Luckily, I decided to look in the Braintree District Museum for current bus timetables and lo and behold, there was an advertisement asking for volunteers.  I applied and was accepted immediately, I started volunteering on a Thursday and that has continued for over three years now.  It was soon discovered that I am computer literate so after a few months I became Volunteer Co-ordinator, my duties have been varied and various, besides keeping all our volunteers apprised of everything that is going on there is helping in the shop, helping with children’s activities, stock-taking, envelope filling, manning stalls at various fayres amongst other assorted activities.

Life as a volunteer is definitely not boring, and as support is constantly provided by staff, there is no need ever to feel out of your depth.   Volunteers provide such a vital role within modern society whether in charity shops, hospitals, museums, schools or anywhere else that asks for help, that the thanks received, although profuse, pales in comparison to the sense of fulfilment achieved by volunteering.

Volunteering is now in my blood, so much so that when I moved to Finchingfield and the opportunity arose to volunteer at the newly restored Guildhall, I offered my services there too, so I can now add to my list of duties, serving at coffee mornings, barmaid and giving talks to various groups on Finchingfield and the Guildhall.  So to anybody thinking of volunteering, no matter what you think you can’t do, you do have something to offer, and somebody somewhere needs your help, so go for it!  Remember, Volunteers are not, not paid because they are worthless, they are not paid because they priceless.

Good luck to everyone nominated for one of the Volunteering Awards.

Don’t forget that SHARE’s new Volunteer Coordinators Forum is launching on 2nd July!

Celebrating Volunteers!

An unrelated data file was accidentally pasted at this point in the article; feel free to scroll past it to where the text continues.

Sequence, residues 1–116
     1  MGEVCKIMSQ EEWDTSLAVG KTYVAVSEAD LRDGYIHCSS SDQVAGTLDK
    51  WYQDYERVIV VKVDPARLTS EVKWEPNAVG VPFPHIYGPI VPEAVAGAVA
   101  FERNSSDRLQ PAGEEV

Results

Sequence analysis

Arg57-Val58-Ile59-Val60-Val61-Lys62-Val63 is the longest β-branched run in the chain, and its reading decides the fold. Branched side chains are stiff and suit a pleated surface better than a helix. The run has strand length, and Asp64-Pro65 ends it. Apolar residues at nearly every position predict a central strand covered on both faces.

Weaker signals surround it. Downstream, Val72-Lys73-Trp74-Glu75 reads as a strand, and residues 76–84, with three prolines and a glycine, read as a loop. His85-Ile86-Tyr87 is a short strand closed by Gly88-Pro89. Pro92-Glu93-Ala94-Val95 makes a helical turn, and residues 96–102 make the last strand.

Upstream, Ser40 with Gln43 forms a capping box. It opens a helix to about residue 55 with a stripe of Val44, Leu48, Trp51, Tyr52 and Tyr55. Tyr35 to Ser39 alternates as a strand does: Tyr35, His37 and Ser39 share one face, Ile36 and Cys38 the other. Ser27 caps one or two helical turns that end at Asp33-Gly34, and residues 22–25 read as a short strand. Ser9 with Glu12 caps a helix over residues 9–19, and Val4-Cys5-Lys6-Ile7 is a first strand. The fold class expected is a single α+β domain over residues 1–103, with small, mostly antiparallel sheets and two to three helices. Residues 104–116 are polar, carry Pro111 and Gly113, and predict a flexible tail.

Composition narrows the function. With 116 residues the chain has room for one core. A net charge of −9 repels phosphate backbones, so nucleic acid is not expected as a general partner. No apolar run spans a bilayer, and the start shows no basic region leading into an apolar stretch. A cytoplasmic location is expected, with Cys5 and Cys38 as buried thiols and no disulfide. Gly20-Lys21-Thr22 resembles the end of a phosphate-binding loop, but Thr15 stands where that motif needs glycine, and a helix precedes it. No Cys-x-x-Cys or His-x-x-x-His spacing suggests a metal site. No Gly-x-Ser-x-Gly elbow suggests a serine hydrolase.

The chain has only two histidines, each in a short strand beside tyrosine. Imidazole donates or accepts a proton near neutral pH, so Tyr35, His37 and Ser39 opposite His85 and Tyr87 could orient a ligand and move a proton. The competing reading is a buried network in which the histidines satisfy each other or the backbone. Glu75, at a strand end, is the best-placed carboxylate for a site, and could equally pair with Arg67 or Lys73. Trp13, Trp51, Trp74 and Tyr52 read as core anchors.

Volunteers at Rayleigh Mill

Volunteers at Rayleigh Mill

Monday 1st June is the start of the thirty-first National Volunteers’ Week. This annual celebration of the work volunteers do is very relevant for museums. Most of the museums in Essex are entirely volunteer run, and those that aren’t still rely heavily on the hard work and creativity of volunteers.

Ahead of Volunteers’ Week, I am launching a new Volunteer Management Toolkit, with useful information for anyone managing volunteers and templates for documents including a volunteering policy, volunteer agreements, skills audits etc. There’s also a new Evaluation Toolkit, including a “how to” guide, templates, a glossary and a list of useful websites. These have been created for Essex museums by Pippa Smith from Handling the Past.

During Volunteers’ Week, I am hosting a series of guest posts:

  • Monday – Volunteering and the HLF by Miranda Stearn, Heritage Lottery Fund
  • Tuesday – Young Curators by Francesca Pellegrino, Epping Forest District Museum
  • Wednesday – Accreditation and Volunteer-Run Museums by Joanne Godfrey, Mersea Museum
  • Thursday – Life as a Museum Volunteer by Deke Dudley, Braintree Museum
  • Friday – Volunteering with Kids in Museums by Jane Allnutt
  • Saturday – The vTeam: Partnership Opportunities With the Student Volunteering Team by Anya Visegorodceva, University of Essex Students’ Union
  • Sunday – Students, Graduates and Volunteer-Run Museums by Christine Brewster and Katie Wilkie, The Cater Museum

Thursday 4th June is also the first SHARE Museums East Volunteer Awards, and several Essex-based volunteers have been nominated, so please keep your fingers crossed for them!

~Amy Cotterill

Collections Trust Seminar at Colchester Castle

Alex Dawson presenting at the Collections Trust Seminar

Alex Dawson presenting at the Collections Trust Seminar

Jennifer Brown, Collections and Interpretation Officer at Braintree District Museum, shares what she learnt at this recent training day: